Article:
Ministers 'failing Remploy staff', says Ian Lucas MP
Workers from the closed Wrexham Remploy factory are being failed by the UK government, the town's MP said.
Labour MP Ian Lucas had called for cash raised from the sale of the plant to go towards helping redundant workers.
But he said the disability minister confirmed in a meeting with him on Wednesday money raised from the sale would go into UK government coffers.
The Department for Work and Pensions (DWP) said its priority was to safeguard jobs.
The Wrexham factory, which employed 40 people, is one of six closed this year in Wales, with others earmarked for closure.
End Quote Ian Lucas Wrexham MP
They don't seem to be offering any real support to Remploy workers at this time”
Mr Lucas said: "The meeting [with Disability Minister Esther McVey] was not very productive for the workers I'm afraid.
"I did establish that the capital receipt from the sale of the site will be an additional receipt for the government."
He said the UK government wanted a "big fat cheque" from the sale of the factory to help the chancellor's finances.
"They don't seem to be offering any real support to Remploy workers at this time," he said.
Mr Lucas has also accused the UK government of deliberately thwarting takeover attempts.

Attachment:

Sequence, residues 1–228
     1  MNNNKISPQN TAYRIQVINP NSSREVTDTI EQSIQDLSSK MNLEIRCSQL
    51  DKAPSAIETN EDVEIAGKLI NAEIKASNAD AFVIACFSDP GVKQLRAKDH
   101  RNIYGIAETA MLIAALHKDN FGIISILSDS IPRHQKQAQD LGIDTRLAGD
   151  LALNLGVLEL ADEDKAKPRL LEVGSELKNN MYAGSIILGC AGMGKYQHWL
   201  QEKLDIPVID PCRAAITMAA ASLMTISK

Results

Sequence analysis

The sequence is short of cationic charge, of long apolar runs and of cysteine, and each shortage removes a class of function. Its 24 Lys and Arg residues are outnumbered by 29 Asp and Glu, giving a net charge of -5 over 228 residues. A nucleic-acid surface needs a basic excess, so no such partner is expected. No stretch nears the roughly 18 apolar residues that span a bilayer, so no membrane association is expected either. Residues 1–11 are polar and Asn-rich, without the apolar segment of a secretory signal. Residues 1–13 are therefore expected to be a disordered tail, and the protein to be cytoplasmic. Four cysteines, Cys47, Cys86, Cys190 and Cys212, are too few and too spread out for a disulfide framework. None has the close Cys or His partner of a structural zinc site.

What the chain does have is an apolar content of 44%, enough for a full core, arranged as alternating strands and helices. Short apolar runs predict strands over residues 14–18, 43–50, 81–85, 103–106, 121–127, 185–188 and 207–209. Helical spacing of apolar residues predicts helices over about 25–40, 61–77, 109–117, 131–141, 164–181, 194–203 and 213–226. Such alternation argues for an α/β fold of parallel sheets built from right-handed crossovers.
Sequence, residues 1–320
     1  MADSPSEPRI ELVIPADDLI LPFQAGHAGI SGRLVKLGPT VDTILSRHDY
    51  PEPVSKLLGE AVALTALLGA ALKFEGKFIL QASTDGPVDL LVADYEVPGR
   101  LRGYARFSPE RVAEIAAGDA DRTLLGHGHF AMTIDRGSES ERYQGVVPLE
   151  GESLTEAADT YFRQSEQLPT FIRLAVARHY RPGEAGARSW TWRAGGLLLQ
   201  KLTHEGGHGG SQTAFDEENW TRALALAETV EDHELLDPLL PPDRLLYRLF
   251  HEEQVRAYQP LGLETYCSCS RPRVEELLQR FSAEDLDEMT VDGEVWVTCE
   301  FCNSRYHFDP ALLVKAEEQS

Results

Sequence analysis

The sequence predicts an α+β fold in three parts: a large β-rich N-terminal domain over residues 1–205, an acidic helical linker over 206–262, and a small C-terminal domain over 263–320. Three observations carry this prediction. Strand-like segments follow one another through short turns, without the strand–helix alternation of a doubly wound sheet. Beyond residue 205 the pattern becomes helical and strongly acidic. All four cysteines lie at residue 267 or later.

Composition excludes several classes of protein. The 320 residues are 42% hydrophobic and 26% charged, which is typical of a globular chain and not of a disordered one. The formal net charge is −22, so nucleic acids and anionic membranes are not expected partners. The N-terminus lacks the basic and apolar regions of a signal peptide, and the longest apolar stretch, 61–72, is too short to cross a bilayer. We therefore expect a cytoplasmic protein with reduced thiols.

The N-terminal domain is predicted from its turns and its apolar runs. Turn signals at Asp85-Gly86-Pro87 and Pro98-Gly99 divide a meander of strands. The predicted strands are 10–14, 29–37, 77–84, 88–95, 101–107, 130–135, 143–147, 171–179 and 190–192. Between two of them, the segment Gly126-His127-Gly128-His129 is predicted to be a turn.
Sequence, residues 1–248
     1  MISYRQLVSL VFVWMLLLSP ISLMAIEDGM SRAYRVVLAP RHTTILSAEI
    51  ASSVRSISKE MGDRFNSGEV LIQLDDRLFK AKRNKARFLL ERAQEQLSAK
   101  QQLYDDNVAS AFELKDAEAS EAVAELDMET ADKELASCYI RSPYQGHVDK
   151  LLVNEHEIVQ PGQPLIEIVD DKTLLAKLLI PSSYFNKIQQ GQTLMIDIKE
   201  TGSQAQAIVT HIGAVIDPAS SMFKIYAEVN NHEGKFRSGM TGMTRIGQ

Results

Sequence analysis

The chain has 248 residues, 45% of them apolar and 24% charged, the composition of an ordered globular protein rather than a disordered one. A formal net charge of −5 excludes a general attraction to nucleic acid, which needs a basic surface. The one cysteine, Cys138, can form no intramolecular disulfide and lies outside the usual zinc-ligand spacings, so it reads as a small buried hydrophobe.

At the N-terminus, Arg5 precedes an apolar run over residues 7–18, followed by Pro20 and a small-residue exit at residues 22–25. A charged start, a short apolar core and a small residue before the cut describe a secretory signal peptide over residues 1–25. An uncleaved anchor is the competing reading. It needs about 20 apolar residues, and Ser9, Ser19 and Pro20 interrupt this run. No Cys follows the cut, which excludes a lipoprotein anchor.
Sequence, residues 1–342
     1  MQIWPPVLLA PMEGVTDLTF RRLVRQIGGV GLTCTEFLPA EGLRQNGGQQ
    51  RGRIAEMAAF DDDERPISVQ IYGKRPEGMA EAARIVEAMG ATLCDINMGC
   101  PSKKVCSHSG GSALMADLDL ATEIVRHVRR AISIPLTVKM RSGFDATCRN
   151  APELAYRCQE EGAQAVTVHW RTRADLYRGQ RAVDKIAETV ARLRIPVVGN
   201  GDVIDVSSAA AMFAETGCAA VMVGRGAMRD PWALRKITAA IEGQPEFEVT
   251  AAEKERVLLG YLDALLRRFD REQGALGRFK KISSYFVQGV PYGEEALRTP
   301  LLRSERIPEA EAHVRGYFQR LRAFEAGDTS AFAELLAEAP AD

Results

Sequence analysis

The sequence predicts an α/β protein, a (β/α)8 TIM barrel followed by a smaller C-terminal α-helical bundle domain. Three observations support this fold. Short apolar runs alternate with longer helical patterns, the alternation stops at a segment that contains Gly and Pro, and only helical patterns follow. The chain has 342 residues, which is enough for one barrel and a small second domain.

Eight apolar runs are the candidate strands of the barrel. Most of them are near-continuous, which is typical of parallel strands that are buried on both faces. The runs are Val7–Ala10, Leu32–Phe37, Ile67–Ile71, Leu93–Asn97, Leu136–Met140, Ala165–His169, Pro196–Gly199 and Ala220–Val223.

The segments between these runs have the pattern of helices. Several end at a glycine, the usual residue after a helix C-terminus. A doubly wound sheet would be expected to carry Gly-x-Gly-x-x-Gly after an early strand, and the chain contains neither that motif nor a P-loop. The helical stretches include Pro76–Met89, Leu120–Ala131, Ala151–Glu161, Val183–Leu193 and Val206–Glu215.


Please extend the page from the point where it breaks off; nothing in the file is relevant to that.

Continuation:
But he said there was a chance some of the redundant workers may find jobs through Stoke-on-Trent-based Disability Employment.
He is exploring the possibility of the company buying equipment from the factory and starting operations on another Wrexham site.
He said Disability Employment was initially talking about taking on at least half of the former Wrexham workforce.
The DWP said it had been trying to encourage takeovers of Remploy businesses.Interested parties
"The accusation by Mr Lucas that government is looking to fill its own pockets is simply not true," said a spokesperson.
"Our priority throughout this entire process has been to safeguard jobs, which is why we are offering a wage subsidy of up to £6,400 per disabled employee to encourage interested parties to come forward with bids to keep the Remploy businesses going.
"Decisions to accept or reject proposals to take over the running of businesses are for the Remploy board to make, and they have been working with independent experts to look into the viability of each bid."
Mr Lucas said the £6,400 being offered was no longer available in Wrexham because the subsidy only applied if the business was taken over as a going concern.
Last week, it was announced that the last two Remploy factories in Wales, employing about 140 people, are at risk in another round of closures.
Workers at Baglan, Neath Porth Talbot, and Porth, Rhondda, have been told they face compulsory redundancy.